now I’m moving from ultra rich Palermo Chico to nice, normal, good vibey Villa Crespo. The first thing to understand is that are weird archaic housing laws and customs here. At least on paper, in the USA it doesn’t matter where you come from or who your family is, more what your actions are. Anyone can get a credit card, make payments, build a credit history. When you go to apply for renting an apartment they use your public credit history as a way of seeing your financial character.
Here in Buenos Aires it is much different. There is much less banking infrastructure than in the States and many people don’t have accounts. I, for instance, can’t open an account here without having a DNI (it’s like a social security number). I get paid in cash every month. Apartment owners here can’t check anything about me or most other people. Furthermore there are these medieval, complicated renting laws and it’s virtually impossible to evict anyone.
In my second apartment here, in Congreso, I heard a horror story about a bad previous tenant. The renter stopped paying rent and but the owner couldn’t evict them without a court order. What the owner can do, however, is make a double-or-nothing bet and pay all the remaining rent owed in the contract to the court as a kind of escrow while the renter was evicted. If the owner won the case, she would get her money back and be able to evict the tenant (and presumably get back rent) but if the owner lost she would lose all that money. After a huge battle, which dragged on for months and months, she eventually won and got her money back from evicting the woman.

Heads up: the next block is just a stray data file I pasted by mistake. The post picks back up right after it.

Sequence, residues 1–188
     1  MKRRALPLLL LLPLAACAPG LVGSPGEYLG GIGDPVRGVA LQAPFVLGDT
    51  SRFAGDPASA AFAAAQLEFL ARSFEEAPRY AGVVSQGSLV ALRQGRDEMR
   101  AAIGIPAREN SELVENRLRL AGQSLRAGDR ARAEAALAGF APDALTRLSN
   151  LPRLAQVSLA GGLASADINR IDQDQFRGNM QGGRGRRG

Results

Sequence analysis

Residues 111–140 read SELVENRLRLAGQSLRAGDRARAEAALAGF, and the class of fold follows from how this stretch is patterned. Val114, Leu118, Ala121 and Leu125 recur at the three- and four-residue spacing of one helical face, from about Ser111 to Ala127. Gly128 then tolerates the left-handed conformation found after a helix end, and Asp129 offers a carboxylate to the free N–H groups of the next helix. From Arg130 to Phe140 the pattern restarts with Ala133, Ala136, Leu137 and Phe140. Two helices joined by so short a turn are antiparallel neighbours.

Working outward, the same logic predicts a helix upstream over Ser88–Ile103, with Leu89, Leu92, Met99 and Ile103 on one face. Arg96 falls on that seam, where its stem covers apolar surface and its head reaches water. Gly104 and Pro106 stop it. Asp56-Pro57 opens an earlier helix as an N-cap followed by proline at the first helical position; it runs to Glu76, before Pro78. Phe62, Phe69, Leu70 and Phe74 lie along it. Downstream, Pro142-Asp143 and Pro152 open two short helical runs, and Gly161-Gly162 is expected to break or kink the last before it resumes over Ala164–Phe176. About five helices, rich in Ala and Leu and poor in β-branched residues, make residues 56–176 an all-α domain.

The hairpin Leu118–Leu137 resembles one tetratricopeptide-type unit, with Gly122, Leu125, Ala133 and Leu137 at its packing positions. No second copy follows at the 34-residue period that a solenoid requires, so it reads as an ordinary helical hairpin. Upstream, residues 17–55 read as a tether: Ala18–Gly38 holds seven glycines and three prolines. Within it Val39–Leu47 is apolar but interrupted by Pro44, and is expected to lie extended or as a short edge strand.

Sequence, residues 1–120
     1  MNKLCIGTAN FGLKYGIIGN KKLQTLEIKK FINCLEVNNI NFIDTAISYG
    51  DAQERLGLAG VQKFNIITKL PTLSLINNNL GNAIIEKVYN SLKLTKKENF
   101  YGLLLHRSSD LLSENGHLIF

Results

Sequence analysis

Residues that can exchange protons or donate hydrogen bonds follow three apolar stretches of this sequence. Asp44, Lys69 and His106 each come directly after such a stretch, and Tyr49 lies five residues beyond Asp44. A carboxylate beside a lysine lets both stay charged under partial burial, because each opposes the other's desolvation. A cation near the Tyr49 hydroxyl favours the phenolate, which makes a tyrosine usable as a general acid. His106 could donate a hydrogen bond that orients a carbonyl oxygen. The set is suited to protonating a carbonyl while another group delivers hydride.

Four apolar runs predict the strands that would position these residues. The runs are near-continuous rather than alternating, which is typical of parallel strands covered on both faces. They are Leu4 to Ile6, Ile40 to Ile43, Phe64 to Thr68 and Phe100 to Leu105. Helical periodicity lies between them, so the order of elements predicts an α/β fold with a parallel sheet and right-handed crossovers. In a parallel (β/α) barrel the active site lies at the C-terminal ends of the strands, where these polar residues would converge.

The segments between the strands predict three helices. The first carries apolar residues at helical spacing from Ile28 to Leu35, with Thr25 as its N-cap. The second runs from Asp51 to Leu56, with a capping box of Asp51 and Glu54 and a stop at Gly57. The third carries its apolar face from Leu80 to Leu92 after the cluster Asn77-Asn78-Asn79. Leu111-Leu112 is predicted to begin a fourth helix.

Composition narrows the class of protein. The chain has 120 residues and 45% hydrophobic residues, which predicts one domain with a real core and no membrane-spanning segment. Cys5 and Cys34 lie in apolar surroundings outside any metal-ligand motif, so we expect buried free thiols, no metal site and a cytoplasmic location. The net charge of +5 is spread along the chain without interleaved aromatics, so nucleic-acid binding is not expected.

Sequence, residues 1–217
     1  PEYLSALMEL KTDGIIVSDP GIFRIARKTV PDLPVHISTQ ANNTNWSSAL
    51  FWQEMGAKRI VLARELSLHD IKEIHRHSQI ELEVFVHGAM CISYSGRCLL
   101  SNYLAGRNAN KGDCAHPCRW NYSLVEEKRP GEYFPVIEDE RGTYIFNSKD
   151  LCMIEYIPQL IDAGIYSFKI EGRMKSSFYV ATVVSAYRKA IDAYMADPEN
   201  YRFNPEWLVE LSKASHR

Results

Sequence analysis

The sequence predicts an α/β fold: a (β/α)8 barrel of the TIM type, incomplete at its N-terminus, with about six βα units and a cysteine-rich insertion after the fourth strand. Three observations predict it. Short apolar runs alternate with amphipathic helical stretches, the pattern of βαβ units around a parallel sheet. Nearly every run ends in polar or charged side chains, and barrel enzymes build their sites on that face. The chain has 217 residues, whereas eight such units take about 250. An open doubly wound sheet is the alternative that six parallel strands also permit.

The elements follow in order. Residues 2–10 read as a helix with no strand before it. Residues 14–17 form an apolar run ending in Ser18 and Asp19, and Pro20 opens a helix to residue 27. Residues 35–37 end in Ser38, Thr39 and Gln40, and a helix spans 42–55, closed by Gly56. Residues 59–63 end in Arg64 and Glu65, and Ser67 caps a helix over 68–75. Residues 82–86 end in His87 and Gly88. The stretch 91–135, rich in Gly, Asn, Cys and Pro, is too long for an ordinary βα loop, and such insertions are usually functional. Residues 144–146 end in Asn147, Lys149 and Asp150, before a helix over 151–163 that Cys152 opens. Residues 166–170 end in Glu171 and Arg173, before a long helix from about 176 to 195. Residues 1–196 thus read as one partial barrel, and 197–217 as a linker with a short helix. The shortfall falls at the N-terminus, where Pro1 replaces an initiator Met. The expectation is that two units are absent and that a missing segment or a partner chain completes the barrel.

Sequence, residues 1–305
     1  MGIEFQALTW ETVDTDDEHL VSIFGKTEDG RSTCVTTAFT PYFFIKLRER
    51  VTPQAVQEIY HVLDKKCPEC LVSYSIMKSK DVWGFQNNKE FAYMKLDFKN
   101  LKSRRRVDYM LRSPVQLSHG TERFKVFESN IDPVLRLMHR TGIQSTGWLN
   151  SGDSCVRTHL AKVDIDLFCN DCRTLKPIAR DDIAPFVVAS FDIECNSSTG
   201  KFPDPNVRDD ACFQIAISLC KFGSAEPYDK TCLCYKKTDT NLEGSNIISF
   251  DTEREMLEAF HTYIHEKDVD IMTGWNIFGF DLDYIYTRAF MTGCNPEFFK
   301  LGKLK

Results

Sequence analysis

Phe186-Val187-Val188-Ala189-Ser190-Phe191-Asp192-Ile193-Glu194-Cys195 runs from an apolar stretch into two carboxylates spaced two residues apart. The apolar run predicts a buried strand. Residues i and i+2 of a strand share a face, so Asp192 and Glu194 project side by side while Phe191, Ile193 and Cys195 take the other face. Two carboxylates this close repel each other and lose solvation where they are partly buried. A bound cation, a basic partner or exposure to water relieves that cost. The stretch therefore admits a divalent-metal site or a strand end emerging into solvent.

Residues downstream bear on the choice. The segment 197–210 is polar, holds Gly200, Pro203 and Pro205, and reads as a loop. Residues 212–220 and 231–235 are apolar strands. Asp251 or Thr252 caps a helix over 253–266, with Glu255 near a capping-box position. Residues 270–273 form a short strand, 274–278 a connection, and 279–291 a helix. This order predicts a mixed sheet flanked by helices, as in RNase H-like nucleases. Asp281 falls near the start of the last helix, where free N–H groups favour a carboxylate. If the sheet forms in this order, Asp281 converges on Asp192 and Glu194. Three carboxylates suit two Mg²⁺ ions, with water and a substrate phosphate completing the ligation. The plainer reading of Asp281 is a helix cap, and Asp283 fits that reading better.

So, in order to protect themselves, most landlords require a garantía. A garantía is essentially a note written from someone who owns property in the city who will guarantee that you will pay the rent or they will take responsability for it (and face losing their property). It’s a big thing to give one to someone and needless to say, most foreigners don’t know someone who will. There are some seedy places that sell them for about 10+% of the rent you need to pay but this is expensive.
Consequently there are two markets: One for locals who are from the city and run in circles of local property owners and those who don’t. A typical apartment for locals comes unfurnished (no fridge, nothing) and a typical two year contract. One for foreigners comes fully furnished (frequently with television and appliances), no contract, and costs three times the price. Most expats start with the fully furnished places and, after some time, work their way towards a nice nepotistic deal. This could be finding an owner who trusts them enough not to require a garantía or it could be a room in a house where someone else has one.
Luckily, one of my friends has offered me the holy grail of garantía and now I am starting my adventures in househunting local style.